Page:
It’s a dirty little secret that’s not really so secret.
And yet, independent restaurant owners have to be mum about it anyway. They have hard times. Really, really hard times, where they sometimes even have to entertain the idea of shutting the doors. But they can’t tell anyone, because it might look like they are having hard times.
“You sort of have to suffer in silence,” says Sarah Harms-Master, whose restaurant Mr. Roberts in Pengilly, Minnesota closed last year. “It’s embarrassing. You want to keep up your airs.”
"Keeping up airs" is in part what keeps restaurant ownership looking glamorous. A restaurant has to always look shiny, new, exciting, and most of all successful, so that it can continue to attract customers, who, after all, go in part for a fantasy.
Angelo Pennacchio has owned Minneapolis' Bar Luchador since 2015. Like almost all indie restaurateurs, he was seeing the realization of a lifelong dream. “My mom still has my frigging 'Angelo’s Cafe' typewritten sign up on the wall.”
And he repeats the very same mantra I hear from most independent owners, even the ones who’ve loved and lost: It’s the most difficult thing in the world, and the most rewarding.
Still, hard times are a very hard, very real reality. Pennacchio recently had to swallow some pride and put up a plea on Facebook for new customers to take advantage of a Groupon, and to please visit the restaurant. It read:
“Hey everyone! I'm a proud dude, so it's super embarrassing to admit that the end of December/January has been a really hard month at Luchador. I don't love Groupon but I would absolutely love if the people I love took advantage of this awesome deal and came and enjoyed the restaurant for super cheap!”
There’s that word again: embarrassing.
“I hated writing that post,” he tells me. But, he said, if it encouraged people to come out who hadn’t been in, then perhaps some good could come out of it.
Bar Luchador is located in Stadium Village, so when school is out, it’s especially tough financially. Plus, he says, the weather is crummy in January, and people are trying to stick with their New Year's resolutions to eat and drink less. He calls it a “triple whammy” for the restaurant.
Meanwhile, he’s struggling to retain good employees while business is down, so even though he can and does do quadruple duty as cook, bartender, server, and dishwasher, there’s only so much staff trimming he can do. He has to make sure those people can continue to make the money they need to live and to stay working there.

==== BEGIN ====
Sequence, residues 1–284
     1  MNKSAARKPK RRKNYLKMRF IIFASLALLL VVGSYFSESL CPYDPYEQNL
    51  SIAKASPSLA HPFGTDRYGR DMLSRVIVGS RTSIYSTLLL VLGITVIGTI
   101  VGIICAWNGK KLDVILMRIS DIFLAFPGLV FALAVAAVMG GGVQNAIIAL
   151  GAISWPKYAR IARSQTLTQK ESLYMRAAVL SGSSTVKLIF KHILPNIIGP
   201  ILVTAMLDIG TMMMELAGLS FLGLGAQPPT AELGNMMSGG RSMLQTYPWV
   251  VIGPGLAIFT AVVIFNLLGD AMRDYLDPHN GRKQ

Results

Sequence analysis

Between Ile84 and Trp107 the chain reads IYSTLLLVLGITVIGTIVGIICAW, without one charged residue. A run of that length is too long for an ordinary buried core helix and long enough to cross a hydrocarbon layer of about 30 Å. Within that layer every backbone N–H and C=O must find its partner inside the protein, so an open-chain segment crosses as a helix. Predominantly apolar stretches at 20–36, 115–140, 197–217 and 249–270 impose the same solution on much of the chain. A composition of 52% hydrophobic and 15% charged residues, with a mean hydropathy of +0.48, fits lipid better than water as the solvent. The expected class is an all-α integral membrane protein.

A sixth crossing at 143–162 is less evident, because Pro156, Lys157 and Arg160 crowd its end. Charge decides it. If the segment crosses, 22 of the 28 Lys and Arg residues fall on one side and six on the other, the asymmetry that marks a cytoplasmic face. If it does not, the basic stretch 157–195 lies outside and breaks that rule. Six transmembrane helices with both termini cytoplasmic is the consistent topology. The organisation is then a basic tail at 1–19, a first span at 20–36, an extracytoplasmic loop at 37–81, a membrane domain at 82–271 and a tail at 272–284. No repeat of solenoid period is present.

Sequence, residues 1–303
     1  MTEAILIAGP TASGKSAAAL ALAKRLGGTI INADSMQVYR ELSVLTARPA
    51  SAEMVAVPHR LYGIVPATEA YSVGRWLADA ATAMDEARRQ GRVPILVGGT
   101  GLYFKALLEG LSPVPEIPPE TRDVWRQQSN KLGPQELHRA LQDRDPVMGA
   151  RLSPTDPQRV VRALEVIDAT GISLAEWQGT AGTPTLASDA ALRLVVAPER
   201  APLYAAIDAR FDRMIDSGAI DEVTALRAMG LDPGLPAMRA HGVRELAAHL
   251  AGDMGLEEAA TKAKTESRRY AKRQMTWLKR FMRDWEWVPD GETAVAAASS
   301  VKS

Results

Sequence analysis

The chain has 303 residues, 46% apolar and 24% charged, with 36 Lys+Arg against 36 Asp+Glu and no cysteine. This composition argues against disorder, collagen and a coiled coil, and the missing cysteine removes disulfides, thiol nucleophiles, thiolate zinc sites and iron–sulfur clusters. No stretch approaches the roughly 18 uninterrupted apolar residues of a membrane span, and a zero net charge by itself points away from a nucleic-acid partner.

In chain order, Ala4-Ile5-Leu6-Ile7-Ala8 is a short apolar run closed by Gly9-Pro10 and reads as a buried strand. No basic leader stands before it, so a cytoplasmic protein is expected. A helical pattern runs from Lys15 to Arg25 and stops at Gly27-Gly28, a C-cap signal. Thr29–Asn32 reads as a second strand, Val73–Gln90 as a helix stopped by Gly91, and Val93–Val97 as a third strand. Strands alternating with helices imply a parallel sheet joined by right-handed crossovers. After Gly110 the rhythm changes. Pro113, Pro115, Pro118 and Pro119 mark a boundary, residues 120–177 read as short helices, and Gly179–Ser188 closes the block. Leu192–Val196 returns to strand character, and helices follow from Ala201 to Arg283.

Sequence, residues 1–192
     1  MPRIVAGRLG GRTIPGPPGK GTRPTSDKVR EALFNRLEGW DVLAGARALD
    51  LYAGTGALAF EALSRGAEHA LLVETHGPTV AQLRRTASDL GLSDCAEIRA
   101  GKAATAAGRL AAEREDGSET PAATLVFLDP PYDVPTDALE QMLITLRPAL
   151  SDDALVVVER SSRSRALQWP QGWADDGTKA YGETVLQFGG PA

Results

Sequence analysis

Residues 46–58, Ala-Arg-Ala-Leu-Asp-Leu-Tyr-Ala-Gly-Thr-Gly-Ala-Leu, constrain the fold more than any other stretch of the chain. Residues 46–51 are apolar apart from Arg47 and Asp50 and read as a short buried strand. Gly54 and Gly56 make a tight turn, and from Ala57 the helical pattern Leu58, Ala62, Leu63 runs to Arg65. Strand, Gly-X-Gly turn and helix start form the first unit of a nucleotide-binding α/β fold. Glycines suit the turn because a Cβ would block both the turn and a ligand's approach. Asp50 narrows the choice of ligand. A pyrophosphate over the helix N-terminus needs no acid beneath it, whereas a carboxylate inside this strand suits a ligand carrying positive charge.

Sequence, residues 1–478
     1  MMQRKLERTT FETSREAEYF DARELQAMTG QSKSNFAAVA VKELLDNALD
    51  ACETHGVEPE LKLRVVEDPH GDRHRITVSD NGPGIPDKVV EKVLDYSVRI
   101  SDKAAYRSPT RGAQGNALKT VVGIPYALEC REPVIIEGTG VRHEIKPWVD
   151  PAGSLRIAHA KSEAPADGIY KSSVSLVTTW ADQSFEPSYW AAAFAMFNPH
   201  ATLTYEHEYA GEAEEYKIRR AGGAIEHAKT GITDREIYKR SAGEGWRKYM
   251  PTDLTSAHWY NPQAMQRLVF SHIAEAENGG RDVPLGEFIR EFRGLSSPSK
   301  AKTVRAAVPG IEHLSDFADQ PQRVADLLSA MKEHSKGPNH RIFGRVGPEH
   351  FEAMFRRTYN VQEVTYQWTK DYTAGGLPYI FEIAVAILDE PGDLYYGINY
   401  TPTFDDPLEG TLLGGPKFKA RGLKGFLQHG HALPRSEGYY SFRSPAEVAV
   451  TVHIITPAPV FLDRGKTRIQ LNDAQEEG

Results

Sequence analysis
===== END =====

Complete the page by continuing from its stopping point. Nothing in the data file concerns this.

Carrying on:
He knows that business will be back up soon enough, but in the meantime he pivots, he’s nimble, he wears all the hats. “You don’t think about it day to day or you’d drive yourself insane,” he says.
But the day-to-day business can be the difference between keeping the doors open and not. I’ve had owners tell me off the record that even one bad week could ruin them.
“People come in and spend their hour and a half in the restaurant and either like it or hate it and then go online and bash my life,” says Harms-Master, laughing wryly. “You spend every ounce of your life there. It’s hard to take even one day off.”
The always entertaining Eddie Wu of Cook St. Paul, one of our most vocal and honest restaurateurs (“I have no shame, all my dignity is already gone, you can’t humiliate me anymore,” he half jokes) says retaining the illusion of success while struggling runs deep.
He tells me a story of writing what he thought was a private letter to a magazine that featured his restaurant, thanking them and explaining how thin the margins can be, and how a little press can make all the difference. Unbeknownst to him, it ran as a letter to the editor. He got calls from other restaurateurs, thanking him for speaking out about the delicate subject. He had no idea that he had, but he says it illustrates how unwilling most owners are to admit that hard times happen.
“Nobody wants to hear about the owner who is working 80 hours a week and making less than the dishwasher. It ruins the dream.”
Harms-Master and her partner wound up launching a Go Fund Me page in a plea to save their restaurant. She had already sold her house and tapped out her savings account, and there was nothing left to do, they figured. They actually ended up making their goal, and it still wasn’t enough. The restaurant closed anyway.
“You have no idea how much money you have to spend," she says. "It’s pretty epic.”
Epic or not, Wu doesn't think he's speaking only for himself when he says it feels "shameful" to ask for help, and while other businesses have alternative avenues for assistance when times get lean, the belt tightening all falls back on the owner.
At his place, the servers are tipping out the cooks so that they can make a higher hourly wage. In gratitude, Wu takes fewer shifts on the floor so that the servers can recoup the money that they are passing on. Which means less money for Wu (and for his family). It's just how it goes.
Pennacchio can relate. He says he can always tell how well (or not well) the restaurant is doing based on how fat the stack of his own personal payroll checks is -- the ones he hasn't cashed.
If there's a bright side to any of it, Pennacchio says the lean times make him take a hard look at the product, figuring out where he can tighten the slack. He says that he's heard feedback more than once that "hey, the food is tasting better than ever" after a particularly tough stretch.
Though she admits she must be a glutton for punishment, Harms-Master says she'll do it again if she has the chance, and she'll know what to do differently this time around. She's currently running the kitchen at Red Stag if you want to get some of her cooking in the meantime.
As for Wu, he says if he had to do it all over, he might go back and work as a bathroom attendant at a strip club again.
Keeping it real, all day every day.